The buzz created at the Aircel Chennai Open’s Stadium Court as Ramkumar Ramanathan came back from a set down to qualify for the quarter-finals, convinced Tom Annear of the value of the tournament and that Chennai was indeed the ‘capital of tennis’ in the country.
It has been four years since Annear has served as the Chennai Open’s Tournament Director. Intrigued and warmed by what he termed as the city’s culture, the American has overseen a number of changes in India’s only ATP event, and is upbeat about where it is currently. In a chat with Sportstar, he said that a verdict on the future of Chennai Open will be known by all in the coming days. He also spoke about financial hiccups, and why top players keep coming back to this city.
Question: Did the floods in Chennai affect the preparations of the tournament in any way?
Answer: There was no damage to the stadium, so the tournament did not skip a beat. The weather has been beautiful so far, and the players have gone about their business. In terms of giving back to the city, we applied for a petition to the ATP, and donated $15,000 to the minister’s relief fund.
Why do some of the players keep coming back to play here?
Players keep coming back because the culture here is different. It is different from Doha and Brisbane, (where there are tournaments going on right now). For some players it’s a no-brainer because of the city and the people. Benoit Paire and Stan Wawrinka are regulars. Also, the courts in Chennai are very similar to those at the Australian Open. The hot and humid conditions are also conducive to the players’ preparations. The balls they use are also the same. The combination of all these factors is one of the main reasons why players like to keep coming here.
How do you deal with big players withdrawing from a tournament?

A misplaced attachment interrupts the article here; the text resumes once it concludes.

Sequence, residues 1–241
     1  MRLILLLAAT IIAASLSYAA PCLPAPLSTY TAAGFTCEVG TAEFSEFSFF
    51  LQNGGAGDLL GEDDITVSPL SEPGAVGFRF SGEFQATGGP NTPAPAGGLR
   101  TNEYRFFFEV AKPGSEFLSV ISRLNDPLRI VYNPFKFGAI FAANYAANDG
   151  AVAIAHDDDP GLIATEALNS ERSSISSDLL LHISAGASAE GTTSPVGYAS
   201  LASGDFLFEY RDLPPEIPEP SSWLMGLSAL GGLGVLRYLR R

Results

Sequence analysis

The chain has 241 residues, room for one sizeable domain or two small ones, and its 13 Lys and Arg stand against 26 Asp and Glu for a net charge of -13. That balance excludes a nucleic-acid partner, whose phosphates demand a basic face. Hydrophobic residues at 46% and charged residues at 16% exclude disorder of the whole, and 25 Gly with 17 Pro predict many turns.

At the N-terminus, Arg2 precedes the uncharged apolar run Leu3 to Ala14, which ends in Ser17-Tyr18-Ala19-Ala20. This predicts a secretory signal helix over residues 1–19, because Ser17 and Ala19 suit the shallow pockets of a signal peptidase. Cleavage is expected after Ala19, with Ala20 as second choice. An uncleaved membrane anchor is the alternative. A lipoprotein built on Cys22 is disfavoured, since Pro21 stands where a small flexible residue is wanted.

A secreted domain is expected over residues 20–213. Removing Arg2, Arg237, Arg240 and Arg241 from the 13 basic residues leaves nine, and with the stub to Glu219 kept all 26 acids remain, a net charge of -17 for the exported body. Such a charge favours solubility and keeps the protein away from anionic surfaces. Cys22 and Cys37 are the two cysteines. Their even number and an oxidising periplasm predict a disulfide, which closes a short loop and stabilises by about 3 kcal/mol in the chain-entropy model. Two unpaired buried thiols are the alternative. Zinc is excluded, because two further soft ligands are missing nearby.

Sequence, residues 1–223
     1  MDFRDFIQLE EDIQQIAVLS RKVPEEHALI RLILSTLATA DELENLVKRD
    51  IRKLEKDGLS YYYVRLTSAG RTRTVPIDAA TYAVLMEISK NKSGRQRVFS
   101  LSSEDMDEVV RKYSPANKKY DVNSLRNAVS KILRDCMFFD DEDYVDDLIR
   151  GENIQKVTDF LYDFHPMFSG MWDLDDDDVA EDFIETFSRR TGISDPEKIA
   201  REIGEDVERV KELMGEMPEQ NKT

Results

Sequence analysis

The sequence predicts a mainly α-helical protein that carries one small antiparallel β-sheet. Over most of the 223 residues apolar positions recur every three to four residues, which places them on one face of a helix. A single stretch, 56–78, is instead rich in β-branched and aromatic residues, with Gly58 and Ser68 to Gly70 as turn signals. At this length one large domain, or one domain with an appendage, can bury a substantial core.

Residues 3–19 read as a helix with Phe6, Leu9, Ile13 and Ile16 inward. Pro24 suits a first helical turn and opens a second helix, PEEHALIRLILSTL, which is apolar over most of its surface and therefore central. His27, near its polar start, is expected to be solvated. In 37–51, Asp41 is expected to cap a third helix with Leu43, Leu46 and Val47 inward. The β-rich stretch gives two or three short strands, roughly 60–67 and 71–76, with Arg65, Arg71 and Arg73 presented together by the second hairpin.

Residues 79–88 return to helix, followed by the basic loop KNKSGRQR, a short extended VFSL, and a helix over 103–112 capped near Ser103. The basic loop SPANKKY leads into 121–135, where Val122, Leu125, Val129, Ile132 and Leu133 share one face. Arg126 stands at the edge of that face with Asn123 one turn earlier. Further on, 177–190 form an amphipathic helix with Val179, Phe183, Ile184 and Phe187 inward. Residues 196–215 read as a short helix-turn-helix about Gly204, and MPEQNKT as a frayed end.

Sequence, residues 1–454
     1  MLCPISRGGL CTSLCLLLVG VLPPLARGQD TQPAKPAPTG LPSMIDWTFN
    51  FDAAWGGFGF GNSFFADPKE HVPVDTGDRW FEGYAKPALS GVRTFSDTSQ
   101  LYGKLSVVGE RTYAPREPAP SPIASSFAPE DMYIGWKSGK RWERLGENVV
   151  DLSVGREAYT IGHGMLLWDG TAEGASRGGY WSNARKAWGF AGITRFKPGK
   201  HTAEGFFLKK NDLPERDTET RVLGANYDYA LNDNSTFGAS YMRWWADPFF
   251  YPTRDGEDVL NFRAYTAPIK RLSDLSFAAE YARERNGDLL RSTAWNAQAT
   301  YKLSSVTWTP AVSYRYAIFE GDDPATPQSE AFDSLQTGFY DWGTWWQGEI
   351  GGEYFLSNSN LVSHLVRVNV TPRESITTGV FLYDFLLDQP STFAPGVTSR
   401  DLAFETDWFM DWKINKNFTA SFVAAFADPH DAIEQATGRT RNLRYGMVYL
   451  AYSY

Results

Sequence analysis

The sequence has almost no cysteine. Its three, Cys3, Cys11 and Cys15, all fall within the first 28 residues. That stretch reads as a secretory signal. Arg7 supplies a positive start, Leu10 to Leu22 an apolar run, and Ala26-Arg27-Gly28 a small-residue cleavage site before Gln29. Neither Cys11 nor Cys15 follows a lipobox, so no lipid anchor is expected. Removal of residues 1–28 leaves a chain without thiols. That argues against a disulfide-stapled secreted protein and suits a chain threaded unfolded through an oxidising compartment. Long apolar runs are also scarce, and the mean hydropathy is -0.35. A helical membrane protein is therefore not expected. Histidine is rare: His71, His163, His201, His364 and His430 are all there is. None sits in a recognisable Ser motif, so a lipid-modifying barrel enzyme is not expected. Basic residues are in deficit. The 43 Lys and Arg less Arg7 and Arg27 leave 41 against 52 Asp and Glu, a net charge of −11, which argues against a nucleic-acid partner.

There are opportunities for others in the event of such mishaps (Kevin Anderson pulling out of the Chennai Open with a knee niggle).
How has the tournament developed since you took charge?
From the first time I was here in 2012 the facilities have been improving every year, ranging from hotels to gyms. The players are recognising these improved facilities and are feeling more comfortable. We have made the fan experience more interactive.
What about the financial aspects of organising such a tournament?
We do make money, but it is making the projection which is challenging. I don’t see the projection of the tournament improving this time; the economics are good but not great. Ticket sales are a very small part of the tournament revenue, but even a 20 percent increase in sales comes as a big boost. This is something we are keen on improving. The attendance is pretty good, but getting a good crowd on Mondays and Tuesdays regularly is something we are targeting at.
Do you think this is the right period of the year to be hosting the Chennai Open?
Hosting the tournament in January is very feasible because of the climatic conditions. We own this slot. If we hosted the tournament in June or July, we may have to play matches at 4 a.m.!
What are your thoughts on the city of Chennai?
I’ve been told Chennai is the tennis capital of India, and I believe it after seeing the attendance at Ramkumar Ramanathan’s second round match. I think the tournament is a very symbolic part of Chennai, and it has been here for 20 years. The government is very much behind it, sponsors are very supportive. I think it’s very much a part of the sporting fabric.
Can we expect the Chennai Open to continue in future?
You will find out soon. It is going to be a surprise announcement, either on Sunday or Monday.
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